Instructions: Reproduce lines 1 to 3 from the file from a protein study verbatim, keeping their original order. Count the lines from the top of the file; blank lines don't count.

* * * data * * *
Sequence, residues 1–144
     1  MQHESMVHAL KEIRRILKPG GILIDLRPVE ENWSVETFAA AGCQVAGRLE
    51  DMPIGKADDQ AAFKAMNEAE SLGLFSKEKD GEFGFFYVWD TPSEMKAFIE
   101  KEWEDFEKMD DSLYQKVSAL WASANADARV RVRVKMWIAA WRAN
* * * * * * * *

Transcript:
Sequence, residues 1–144
     1  MQHESMVHAL KEIRRILKPG GILIDLRPVE ENWSVETFAA AGCQVAGRLE
    51  DMPIGKADDQ AAFKAMNEAE SLGLFSKEKD GEFGFFYVWD TPSEMKAFIE